STORIES of buried treasure, hidden by Lafitte or Kidd or concealed somewhere about the old homestead by the wealthy farmer who was afraid of banks, usually have this one feature in common: although the existence of the treasure is well-authenticated and widely credited, nobody knows exactly where the hidden doubloons have been laid to rest.

Hoover’s Decision Terminates Career of Presidential Yacht, Mayflower (Aug, 1929)

Hoover’s Decision Terminates Career of Presidential Yacht, Mayflower

WHEN President Hoover recently decided to forego the use of the yacht, Mayflower, shown in the photo below, to reduce national expenses $300,000 yearly, he again changed the status of a vessel that has known nothing but change in its 33 years of existence.
Designed as a private yacht, it spent only a short time in that capacity. It was active as a dispatch boat of the “mosquito fleet” in the Spanish-American war, and serving as the presidential yacht since 1905, has been subject to the whims, habits and fancies of five different government heads.

Airwheel Plane, Paddle Wheel Boat (Jan, 1934)

“Airwheel” Flies by its Revolution

MANY attempts have been made, both before and after the invention of the airplane, to develop a craft which should really fly. The ornithopter, or bird-wing craft, has not been successful in its motion, any more than mechanical devices which simulate walking. The bird, like the man, has a great many controls in its muscular equipment, which are difficult to imitate in a machine. However, during the past few years, the idea of a revolving wing has been attracting more and more inventive effort.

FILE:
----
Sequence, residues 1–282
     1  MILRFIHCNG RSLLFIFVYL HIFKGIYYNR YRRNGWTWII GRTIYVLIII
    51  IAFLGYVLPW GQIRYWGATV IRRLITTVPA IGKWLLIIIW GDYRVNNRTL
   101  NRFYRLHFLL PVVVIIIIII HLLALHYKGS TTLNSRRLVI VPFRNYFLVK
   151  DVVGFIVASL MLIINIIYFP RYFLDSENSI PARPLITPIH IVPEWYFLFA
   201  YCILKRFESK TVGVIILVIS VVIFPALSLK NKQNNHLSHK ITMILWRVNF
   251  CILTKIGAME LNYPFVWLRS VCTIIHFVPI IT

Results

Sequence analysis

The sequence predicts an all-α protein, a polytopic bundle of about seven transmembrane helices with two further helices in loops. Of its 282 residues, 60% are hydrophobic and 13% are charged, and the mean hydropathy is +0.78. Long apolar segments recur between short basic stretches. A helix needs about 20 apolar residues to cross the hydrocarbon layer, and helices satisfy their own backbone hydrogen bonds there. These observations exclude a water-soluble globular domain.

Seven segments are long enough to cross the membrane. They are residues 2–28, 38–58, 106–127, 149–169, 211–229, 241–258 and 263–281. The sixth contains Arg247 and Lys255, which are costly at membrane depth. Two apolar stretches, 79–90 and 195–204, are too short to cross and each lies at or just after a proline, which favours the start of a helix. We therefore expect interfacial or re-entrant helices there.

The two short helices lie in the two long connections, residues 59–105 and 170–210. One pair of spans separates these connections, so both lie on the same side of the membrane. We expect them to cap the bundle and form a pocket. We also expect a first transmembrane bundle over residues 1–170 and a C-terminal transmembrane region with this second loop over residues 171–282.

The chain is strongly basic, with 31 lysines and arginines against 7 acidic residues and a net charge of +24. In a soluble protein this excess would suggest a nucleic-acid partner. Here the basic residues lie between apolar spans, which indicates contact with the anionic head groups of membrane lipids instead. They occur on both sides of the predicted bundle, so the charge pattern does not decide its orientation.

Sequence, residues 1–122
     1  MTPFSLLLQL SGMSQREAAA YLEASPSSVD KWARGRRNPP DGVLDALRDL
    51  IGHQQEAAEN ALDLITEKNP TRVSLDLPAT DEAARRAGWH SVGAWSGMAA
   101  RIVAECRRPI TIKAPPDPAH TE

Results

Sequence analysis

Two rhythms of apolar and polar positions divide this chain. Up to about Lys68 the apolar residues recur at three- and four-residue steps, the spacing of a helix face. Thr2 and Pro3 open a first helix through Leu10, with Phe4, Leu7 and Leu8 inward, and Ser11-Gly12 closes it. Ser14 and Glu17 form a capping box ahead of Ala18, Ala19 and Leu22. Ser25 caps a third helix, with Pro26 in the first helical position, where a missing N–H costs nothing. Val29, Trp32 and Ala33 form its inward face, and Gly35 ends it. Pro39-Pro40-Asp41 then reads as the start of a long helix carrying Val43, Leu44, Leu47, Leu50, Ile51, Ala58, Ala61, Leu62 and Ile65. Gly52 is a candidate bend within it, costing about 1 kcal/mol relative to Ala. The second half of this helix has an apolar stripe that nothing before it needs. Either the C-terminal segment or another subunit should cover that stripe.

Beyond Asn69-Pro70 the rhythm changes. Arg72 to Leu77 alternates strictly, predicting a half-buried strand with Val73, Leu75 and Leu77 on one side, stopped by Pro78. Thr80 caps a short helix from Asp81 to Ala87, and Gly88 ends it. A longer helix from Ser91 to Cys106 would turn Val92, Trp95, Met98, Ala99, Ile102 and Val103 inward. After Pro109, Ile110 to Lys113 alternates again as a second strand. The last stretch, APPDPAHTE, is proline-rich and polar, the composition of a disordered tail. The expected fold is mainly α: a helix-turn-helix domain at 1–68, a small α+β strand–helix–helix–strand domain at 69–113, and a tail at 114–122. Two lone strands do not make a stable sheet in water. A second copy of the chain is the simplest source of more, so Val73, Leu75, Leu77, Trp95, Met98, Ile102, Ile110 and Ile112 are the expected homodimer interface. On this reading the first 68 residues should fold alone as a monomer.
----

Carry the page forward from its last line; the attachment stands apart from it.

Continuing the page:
This Amphibian Row-Mobile Travels Equally Well on Land or Water (Jul, 1929)

This Amphibian Row-Mobile Travels Equally Well on Land or Water

Land or water—it makes no difference to the passengers of this combination boat and automobile. The “amphibile” is propelled by the rowing motion of the occupants. The front wheels are used to steer both on land and in water.

Floating Airports of the Sea (Aug, 1929)

Floating Airports of the Sea

Ocean stepping-stones in the form of floating seadromes bid fair to cut down the hazards of trans-Atlantic flights.

Regular airplane service across the Atlantic is brought a step nearer reality by the projection of plans for a series of floating landing fields which can be anchored at intervals of a thousand miles between America and Europe, affording a safe place for passenger carrying planes to come down for refueling and mechanical attention.

Shackleton the Pioneer (Jan, 1929)

Shackleton the Pioneer

Technical Editor Encyclopedia Brittanica

TWENTY years ago Shackleton set out for Antarctica with a shipload of equipment. Today a million dollar expedition with four ships and four airplanes is exploring the same ground—but in what a different way! Old and new methods of exploration are graphically contrasted in this authoritative article.